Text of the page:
Marrow (Nariman Point, Bombay)
by Urvashi Bahuguna
At the jetty facing salt loosely wrap
a dupatta forget we can be watched.
We don’t speak the same
language at home, can I teach you
the word for peanuts staining newspaper
cones? Repeat after me: the moong-fa-li,
the moong-fa-li word.
We rinse our hands before we
eat. What you hear in the lanes
is a lie wrapped in a betel leaf
for idle conversation. The two-line
poems my father learns by heart are
ones he wished he had written himself.
Can I teach you the word for blending?
Do you think I am joking? Yes, this is the age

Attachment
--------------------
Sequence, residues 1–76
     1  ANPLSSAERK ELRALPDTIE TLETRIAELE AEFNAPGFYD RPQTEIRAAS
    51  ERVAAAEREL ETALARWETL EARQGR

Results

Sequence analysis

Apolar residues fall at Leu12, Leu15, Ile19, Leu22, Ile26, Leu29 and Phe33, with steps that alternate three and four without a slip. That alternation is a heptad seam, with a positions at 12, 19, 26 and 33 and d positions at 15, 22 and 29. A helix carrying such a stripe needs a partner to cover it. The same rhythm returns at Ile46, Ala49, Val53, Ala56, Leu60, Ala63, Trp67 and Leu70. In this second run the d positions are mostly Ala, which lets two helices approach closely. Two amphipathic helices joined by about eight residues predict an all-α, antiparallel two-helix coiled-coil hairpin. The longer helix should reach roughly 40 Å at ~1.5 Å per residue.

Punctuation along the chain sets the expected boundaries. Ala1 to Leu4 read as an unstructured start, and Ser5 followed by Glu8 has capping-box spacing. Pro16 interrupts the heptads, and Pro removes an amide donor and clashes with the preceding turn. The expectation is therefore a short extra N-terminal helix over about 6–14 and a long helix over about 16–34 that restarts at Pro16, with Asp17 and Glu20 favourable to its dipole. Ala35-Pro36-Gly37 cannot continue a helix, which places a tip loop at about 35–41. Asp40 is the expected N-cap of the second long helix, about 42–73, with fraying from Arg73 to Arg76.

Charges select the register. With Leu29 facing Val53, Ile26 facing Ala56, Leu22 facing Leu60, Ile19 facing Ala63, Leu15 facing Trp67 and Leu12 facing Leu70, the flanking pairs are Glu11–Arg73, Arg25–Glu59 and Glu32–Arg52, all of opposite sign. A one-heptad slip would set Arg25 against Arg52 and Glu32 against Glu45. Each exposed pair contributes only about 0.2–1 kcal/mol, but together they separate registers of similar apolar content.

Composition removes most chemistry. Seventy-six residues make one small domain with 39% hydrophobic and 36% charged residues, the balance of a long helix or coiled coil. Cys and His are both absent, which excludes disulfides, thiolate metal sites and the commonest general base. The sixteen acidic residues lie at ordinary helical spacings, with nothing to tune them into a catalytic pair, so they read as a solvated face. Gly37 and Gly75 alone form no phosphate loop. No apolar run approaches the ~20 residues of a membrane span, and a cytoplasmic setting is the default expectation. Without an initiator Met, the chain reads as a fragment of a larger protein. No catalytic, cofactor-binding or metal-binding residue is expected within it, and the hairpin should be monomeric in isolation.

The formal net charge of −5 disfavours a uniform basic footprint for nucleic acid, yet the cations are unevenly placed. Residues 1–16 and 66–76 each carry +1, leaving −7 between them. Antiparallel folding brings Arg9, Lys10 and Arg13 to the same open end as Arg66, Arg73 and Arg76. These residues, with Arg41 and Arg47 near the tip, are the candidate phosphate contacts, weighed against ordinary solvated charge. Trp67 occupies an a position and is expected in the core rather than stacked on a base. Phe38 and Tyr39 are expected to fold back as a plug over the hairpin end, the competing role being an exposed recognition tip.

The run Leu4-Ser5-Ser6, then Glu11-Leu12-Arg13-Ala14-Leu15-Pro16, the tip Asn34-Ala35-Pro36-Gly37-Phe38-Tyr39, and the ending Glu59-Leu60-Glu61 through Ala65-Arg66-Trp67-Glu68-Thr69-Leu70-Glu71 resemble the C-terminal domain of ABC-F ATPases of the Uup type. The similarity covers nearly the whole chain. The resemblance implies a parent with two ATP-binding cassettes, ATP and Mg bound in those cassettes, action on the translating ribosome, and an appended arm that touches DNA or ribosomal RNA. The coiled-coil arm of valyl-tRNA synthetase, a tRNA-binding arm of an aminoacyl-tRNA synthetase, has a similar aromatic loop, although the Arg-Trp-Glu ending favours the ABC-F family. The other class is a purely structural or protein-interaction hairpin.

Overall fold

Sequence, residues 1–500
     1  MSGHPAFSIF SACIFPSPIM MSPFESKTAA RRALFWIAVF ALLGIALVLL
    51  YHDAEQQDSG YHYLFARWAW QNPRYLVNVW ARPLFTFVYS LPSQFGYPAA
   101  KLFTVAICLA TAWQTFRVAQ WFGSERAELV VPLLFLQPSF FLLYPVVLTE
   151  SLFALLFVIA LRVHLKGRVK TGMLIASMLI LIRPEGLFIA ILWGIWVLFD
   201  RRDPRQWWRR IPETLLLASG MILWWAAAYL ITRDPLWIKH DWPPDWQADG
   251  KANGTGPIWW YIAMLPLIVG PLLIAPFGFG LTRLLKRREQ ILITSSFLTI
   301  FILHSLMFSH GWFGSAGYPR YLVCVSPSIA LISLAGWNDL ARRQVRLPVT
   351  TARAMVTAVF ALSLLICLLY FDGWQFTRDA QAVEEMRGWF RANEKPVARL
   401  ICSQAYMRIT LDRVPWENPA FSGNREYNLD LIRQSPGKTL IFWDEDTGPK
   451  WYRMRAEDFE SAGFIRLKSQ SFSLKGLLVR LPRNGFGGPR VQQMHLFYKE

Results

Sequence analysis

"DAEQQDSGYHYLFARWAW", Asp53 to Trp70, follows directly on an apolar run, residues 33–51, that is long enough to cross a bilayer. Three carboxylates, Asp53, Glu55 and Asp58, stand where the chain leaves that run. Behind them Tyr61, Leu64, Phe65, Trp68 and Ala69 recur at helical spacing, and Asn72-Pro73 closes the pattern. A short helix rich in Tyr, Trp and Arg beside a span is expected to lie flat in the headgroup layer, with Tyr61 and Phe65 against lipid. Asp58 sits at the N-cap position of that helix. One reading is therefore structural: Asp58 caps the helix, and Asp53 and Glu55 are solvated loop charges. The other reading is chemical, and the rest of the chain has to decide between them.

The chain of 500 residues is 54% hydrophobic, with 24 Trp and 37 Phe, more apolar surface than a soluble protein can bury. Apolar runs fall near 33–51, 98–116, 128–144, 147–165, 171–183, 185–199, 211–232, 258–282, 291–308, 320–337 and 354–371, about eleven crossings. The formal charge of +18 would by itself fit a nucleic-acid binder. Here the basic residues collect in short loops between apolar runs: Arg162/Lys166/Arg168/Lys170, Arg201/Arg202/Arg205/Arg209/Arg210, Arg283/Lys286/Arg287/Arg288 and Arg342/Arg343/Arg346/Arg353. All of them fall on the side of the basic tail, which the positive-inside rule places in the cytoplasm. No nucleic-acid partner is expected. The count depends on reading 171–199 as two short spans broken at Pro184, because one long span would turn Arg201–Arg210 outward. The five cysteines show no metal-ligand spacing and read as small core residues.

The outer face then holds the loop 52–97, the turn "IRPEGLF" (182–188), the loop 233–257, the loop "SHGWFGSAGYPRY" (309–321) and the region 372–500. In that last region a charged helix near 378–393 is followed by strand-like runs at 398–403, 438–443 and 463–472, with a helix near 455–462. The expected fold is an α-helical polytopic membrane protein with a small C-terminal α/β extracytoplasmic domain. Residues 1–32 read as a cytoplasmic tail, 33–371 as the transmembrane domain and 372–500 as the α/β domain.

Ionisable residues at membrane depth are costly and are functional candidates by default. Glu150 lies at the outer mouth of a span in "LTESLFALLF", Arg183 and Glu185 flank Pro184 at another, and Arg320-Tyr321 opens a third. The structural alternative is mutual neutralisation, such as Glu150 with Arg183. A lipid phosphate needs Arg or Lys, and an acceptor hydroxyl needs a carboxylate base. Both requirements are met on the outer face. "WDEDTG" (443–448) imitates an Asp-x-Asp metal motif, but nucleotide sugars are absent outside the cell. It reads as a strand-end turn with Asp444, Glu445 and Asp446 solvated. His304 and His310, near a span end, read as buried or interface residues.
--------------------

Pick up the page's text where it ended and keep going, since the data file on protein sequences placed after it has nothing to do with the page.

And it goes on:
when people in my family get married.
Do they know you draw the marrow
out of chicken bones? Or that work
lets out at 5:30? Repeat after me:
There is no word for disappearing
on a train leading out of this city.
Urvashi Bahuguna’s poems have been published or are forthcoming in Muse India, Kitaab, Flycatcher, Cadaverine, The Four Quarters Magazine and elsewhere. She currently lives in India.